Got a buddy that said he and some airport buddies rigged up a parachute for the airport cat and took it out to skydive. Ended up with his arm sticking straight out the window with the cat wrapped in a death-grip around it.

Ron Wanttaja
 

speedracer

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Got a buddy that said he and some airport buddies rigged up a parachute for the airport cat and took it out to skydive. Ended up with his arm sticking straight out the window with the cat wrapped in a death-grip around it.

Ron Wanttaja
In the 80's I built a hang glider for the cat. I was in the back yard test flying it with a 10 pound weight and It flew pretty good. My wife, being a mind reader, came outside and said "If you put my cat in that I'll leave you!" End of story since I'm still married.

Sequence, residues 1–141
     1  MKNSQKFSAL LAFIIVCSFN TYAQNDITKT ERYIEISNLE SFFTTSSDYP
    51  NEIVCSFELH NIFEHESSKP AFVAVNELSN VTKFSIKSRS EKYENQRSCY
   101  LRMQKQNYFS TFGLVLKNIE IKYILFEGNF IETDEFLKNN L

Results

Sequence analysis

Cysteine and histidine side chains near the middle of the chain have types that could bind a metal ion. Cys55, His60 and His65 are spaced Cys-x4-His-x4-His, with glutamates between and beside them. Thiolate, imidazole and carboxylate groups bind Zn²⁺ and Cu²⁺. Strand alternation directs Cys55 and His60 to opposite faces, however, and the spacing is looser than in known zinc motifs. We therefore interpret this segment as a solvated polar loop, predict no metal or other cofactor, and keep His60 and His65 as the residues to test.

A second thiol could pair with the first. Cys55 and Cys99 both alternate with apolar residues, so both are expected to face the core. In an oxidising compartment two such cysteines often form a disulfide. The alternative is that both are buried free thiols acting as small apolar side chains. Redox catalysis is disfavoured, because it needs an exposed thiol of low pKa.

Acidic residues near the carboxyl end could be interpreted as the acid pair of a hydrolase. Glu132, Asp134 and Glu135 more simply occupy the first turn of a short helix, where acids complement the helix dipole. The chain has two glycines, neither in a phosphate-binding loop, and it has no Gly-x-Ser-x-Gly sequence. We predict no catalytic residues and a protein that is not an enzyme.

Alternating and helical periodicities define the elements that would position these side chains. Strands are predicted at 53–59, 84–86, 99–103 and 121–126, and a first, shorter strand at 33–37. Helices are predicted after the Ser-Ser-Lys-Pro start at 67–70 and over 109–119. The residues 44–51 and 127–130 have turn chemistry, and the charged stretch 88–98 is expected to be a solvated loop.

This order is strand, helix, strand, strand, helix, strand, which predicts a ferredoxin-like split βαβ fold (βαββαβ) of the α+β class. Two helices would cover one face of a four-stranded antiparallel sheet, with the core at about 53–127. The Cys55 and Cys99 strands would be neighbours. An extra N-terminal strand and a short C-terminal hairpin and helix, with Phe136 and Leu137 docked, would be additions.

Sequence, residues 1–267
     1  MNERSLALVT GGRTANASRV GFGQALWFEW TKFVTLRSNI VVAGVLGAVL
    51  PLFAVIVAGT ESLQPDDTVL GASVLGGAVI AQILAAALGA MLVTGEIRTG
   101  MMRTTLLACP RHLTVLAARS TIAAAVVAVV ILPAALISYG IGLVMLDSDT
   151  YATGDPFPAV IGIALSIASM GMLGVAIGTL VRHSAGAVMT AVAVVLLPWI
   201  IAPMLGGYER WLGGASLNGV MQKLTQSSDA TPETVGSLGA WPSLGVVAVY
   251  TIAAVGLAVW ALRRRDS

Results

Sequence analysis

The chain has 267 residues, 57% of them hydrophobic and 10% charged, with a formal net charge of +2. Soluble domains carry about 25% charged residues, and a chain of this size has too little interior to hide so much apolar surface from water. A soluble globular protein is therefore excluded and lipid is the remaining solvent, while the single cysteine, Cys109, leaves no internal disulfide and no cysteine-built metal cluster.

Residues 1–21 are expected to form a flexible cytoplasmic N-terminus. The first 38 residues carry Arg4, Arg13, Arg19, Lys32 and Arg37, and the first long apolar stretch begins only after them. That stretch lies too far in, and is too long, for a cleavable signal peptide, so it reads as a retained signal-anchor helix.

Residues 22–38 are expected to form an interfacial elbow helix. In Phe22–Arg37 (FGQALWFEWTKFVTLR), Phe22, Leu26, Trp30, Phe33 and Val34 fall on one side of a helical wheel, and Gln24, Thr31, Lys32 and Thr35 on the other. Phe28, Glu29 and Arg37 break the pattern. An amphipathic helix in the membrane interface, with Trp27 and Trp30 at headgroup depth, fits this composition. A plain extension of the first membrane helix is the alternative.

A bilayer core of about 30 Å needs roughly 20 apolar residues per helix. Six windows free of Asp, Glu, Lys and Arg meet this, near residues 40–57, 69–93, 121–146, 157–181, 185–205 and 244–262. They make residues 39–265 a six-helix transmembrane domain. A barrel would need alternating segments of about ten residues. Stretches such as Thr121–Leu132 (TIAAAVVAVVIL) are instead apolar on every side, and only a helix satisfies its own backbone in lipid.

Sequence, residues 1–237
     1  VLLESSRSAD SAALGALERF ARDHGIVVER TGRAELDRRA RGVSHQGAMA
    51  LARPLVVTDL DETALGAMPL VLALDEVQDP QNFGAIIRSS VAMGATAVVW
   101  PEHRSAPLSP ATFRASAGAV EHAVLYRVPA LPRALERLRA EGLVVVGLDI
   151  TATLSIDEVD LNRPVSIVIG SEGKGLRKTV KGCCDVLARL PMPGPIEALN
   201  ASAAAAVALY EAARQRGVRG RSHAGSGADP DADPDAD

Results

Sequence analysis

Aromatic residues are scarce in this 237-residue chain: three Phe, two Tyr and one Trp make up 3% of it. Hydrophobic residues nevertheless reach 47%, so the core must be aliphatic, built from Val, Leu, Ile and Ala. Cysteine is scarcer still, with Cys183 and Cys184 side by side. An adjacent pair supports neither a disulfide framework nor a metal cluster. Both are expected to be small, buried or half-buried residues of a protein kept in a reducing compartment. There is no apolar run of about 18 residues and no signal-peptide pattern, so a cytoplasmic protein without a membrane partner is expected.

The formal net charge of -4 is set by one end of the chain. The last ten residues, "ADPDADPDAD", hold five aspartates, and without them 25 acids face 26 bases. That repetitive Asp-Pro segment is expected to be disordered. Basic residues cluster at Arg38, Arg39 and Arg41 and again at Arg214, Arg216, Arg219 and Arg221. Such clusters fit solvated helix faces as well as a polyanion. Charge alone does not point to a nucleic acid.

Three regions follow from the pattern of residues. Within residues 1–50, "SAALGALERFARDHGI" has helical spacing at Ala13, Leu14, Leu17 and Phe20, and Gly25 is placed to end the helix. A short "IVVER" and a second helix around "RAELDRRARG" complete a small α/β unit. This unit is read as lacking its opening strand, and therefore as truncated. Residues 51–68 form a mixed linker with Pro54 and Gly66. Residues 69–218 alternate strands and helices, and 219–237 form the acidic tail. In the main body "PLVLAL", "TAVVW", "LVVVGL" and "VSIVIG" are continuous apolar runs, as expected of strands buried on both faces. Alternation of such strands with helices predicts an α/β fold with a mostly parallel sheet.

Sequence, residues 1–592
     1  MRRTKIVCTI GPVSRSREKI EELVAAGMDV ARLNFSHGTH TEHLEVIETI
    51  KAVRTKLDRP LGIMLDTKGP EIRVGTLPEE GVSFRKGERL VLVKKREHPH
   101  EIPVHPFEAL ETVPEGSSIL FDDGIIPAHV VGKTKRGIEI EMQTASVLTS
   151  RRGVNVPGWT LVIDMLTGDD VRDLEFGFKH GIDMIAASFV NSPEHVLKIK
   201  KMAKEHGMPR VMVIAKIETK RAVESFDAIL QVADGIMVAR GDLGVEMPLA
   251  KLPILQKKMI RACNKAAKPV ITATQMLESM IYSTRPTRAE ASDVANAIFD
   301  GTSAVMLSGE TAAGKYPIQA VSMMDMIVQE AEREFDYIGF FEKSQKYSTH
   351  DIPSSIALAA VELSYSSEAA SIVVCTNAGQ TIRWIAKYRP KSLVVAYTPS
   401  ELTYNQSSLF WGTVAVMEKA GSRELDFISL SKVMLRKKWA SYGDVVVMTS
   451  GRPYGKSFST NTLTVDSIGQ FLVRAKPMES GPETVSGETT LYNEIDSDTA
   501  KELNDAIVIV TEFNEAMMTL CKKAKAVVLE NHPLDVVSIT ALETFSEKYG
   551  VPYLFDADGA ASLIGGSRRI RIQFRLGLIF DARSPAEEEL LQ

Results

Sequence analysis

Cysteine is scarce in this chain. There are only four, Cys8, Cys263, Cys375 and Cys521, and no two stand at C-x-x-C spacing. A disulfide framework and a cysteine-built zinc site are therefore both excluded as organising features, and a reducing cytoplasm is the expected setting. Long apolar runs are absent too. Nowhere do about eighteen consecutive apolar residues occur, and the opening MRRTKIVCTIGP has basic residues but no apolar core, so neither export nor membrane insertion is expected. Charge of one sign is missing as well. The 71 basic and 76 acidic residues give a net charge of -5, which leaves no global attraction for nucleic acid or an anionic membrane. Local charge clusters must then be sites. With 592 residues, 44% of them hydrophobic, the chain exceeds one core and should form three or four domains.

Pops

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In the 80's I built a hang glider for the cat. I was in the back yard test flying it with a 10 pound weight and It flew pretty good. My wife, being a mind reader, came outside and said "If you put my cat in that I'll leave you!" End of story since I'm still married.
So that is how you get to be single again. Do you have to help in the packing ?
 

jedi

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Why be proficient with a compass. You will know when you have to shoot an ILS approach down minimums after a vacuum pump failure with no vacuum gyros. Electric T&B or Turn Coordinator only. I prefer the T&B.

As a student pilot, my instructor told me if I got caught above a cloud layer, trim for approach speed and decent on a 180 degree heading, sit on your hands, and keep the heading with the rudder until you break out the bottom. Compass is most sensitive at the 180 degree heading.
You had a good CFI. Every pilot should know this but most do not. I try to spread the word but it is hard to teach those who already know it all.
 

Topaz

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How about a light weight LIDAR setup? I know of a project...
Or, and I'm just spit-balling here, confine your ultralight flights to days when you're assured of clear weather. (/snark off)